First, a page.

Black Lives Matter Toronto stalls Pride parade

Members of the Black Lives Matter Toronto group briefly halted the Pride parade today, holding up the marching for about 30 minutes. The parade re-started after Pride's executive director signed a list of demands from the group.

'We are not taking any space away from any folks,' said Alexandra Williams, co-founder of BLM Toronto

Black Lives Matter interrupts Toronto Pride Parade

7 years ago
Duration 7:35
Activist Alexandria Williams says her group temporarily shut down the parade to challenge 'Pride's anti-blackness'

Members of the Black Lives Matter Toronto group briefly halted the Pride parade today, holding up the marching for about 30 minutes.

Members of Black Lives Matter Toronto, who were part of the parade as honoured guests, held up the marching for about 30 minutes. (Mark Blinch/Canadian Press)

The parade didn't re-start until after Pride Toronto executive director Mathieu Chantelois signed a document agreeing to the group's demands. 

The organization was given the status of Honoured Group for the parade, which is the grand finale of Pride Month. It did not give Pride Toronto advance notice of their planned sit-in.

Alexandra Williams, a co-founder of Black Lives Matter Toronto, told CBC's Natasha Fatah that they held the sit-in because they wanted to hold Pride Toronto accountable for what she called "anti-blackness."

Williams defended the group's actions.

Mathieu Chantelois, Pride Toronto's executive director, signed a list of demands from the Black Lives Matter Toronto movement as they staged a sit-in at the parade. (Mark Blinch/Canadian Press)

"It's always the appropriate time to make sure folks know about the marginalization of black people, of black queer youth, black trans youth, of black trans people," she said.

One of the demands that Pride Toronto agreed to was that there will not be any police floats at next year's parade. (Mark Blinch/Canadian Press)

"We are not taking any space away from any folks. When we talk about homophobia, transphobia, we go through that too ... It should be a cohesive unit, not one against the other. Anti-blackness needs to be addressed and they can be addressed at the same time, in the same spaces," she said.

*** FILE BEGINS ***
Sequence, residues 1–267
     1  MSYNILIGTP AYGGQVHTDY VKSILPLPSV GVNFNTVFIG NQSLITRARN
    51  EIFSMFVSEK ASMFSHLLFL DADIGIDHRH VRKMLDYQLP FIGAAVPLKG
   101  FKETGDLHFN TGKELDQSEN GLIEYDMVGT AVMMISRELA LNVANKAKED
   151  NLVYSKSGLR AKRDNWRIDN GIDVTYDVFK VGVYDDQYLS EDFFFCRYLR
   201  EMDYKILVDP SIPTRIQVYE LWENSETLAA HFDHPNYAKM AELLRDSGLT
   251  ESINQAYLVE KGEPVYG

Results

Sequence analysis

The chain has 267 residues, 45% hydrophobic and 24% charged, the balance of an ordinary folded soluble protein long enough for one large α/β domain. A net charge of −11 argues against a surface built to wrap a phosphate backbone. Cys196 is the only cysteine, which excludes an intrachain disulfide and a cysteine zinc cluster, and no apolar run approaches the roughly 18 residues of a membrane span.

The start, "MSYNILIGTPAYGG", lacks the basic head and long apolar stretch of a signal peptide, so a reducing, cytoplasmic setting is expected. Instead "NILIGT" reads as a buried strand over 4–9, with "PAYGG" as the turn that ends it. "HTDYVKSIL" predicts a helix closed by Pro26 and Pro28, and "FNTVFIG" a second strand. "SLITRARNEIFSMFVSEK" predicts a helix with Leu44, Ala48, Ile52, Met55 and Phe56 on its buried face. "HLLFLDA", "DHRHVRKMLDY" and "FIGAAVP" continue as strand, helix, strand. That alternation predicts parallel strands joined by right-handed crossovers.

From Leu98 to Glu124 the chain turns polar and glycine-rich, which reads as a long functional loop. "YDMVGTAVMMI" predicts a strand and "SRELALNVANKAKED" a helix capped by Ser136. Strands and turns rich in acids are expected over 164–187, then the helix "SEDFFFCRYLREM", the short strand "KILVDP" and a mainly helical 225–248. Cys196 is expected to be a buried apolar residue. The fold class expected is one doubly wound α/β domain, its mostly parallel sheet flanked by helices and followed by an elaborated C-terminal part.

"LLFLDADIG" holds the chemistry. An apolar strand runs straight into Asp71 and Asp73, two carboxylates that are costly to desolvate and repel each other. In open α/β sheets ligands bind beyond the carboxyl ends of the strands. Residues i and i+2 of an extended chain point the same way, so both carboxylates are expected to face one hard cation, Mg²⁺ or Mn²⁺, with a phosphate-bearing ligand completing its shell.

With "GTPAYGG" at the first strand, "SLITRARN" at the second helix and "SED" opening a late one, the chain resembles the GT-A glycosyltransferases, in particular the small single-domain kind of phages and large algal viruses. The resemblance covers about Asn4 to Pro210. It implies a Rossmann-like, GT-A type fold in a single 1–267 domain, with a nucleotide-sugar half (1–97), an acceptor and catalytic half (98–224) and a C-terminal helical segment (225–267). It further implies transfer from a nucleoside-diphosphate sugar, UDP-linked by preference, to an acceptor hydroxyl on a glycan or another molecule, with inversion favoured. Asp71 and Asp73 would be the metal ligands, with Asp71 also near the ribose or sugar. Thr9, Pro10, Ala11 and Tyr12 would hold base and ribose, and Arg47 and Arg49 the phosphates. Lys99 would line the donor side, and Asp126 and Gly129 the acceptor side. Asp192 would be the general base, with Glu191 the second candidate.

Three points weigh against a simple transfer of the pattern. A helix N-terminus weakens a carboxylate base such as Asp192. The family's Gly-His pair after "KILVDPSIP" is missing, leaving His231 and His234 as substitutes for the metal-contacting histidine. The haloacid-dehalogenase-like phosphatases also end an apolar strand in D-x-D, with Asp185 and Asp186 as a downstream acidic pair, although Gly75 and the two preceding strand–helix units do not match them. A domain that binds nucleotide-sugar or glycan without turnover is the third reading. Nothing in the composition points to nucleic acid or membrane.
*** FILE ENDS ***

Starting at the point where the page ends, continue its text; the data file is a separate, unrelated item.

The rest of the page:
"We didn't bully our way into Pride ... we made space for ourselves in a place where we have been erased," Williams added.

In a news release, the group said Pride Toronto "has shown little honour to black queer/trans communities, and other marginalized communities. Over the years, Pride has threatened the existence of black spaces at Pride that have existed for years."

The group released a list of demands, including a commitment to increase representation among Pride Toronto staff, and to prioritize the hiring of black transgender women and indigenous people.

Some of the other demands Chantelois agreed to are that the parade will no longer have police floats, and the organization will hold a public town hall with groups such as Black Lives Matter Toronto within six months.

Pride Toronto, in response to the sit-in, said it welcomes the opportunity to "continue the conversation" with Black Lives Matter Toronto.

"During the parade, BLM-TO started a conversation with us to explore how we can create an even more inclusive and safe festival. We, like BLM-TO have a commitment to ensure our most marginalized communities feel safe and welcome at the festival."

Moment of silence for Orlando

The parade began at 2 p.m. at Bloor and Church streets. There was a pause at 3 p.m. in memory of the 49 Orlando victims.

One of the parade's marshals, Salah Bachir, said today's parade has a political aspect to it in the wake of the Orlando Pulse nightclub shootings.

Spectators watch a float honouring 49 victims of a shooting last month at Pulse nightclub in Orlando at the annual Pride parade in Toronto on Sunday. (Mark Blinch/Canadian Press)

The people walking alongside his float held signs for the victims.

Rob Roxy poses for photos before the parade. (Mark Blinch/Canadian Press)

"I'm Arab. I'm gay," he told CBC News. "You know, I think it is just a celebration. There's so much [that's] non-stereotypical happening in the world. Sometimes people look at Islam as jihadist and paint all Arab people with it, and I wanted to show something a little different."

Prime Minister Justin Trudeau waves a flag as he takes part in the parade, marking the first time that a sitting prime minister has participated in the event. (Mark Blinch/Reuters)

He said his float is dedicated to Arab rights in the Middle East.

Many of the participants in the parade are honouring the victims of the Orlando shooting. (Isabelle Gobeil/CBC)
Revellers pose for a photos with police officers at the annual parade. (Mark Blinch/Canadian Press)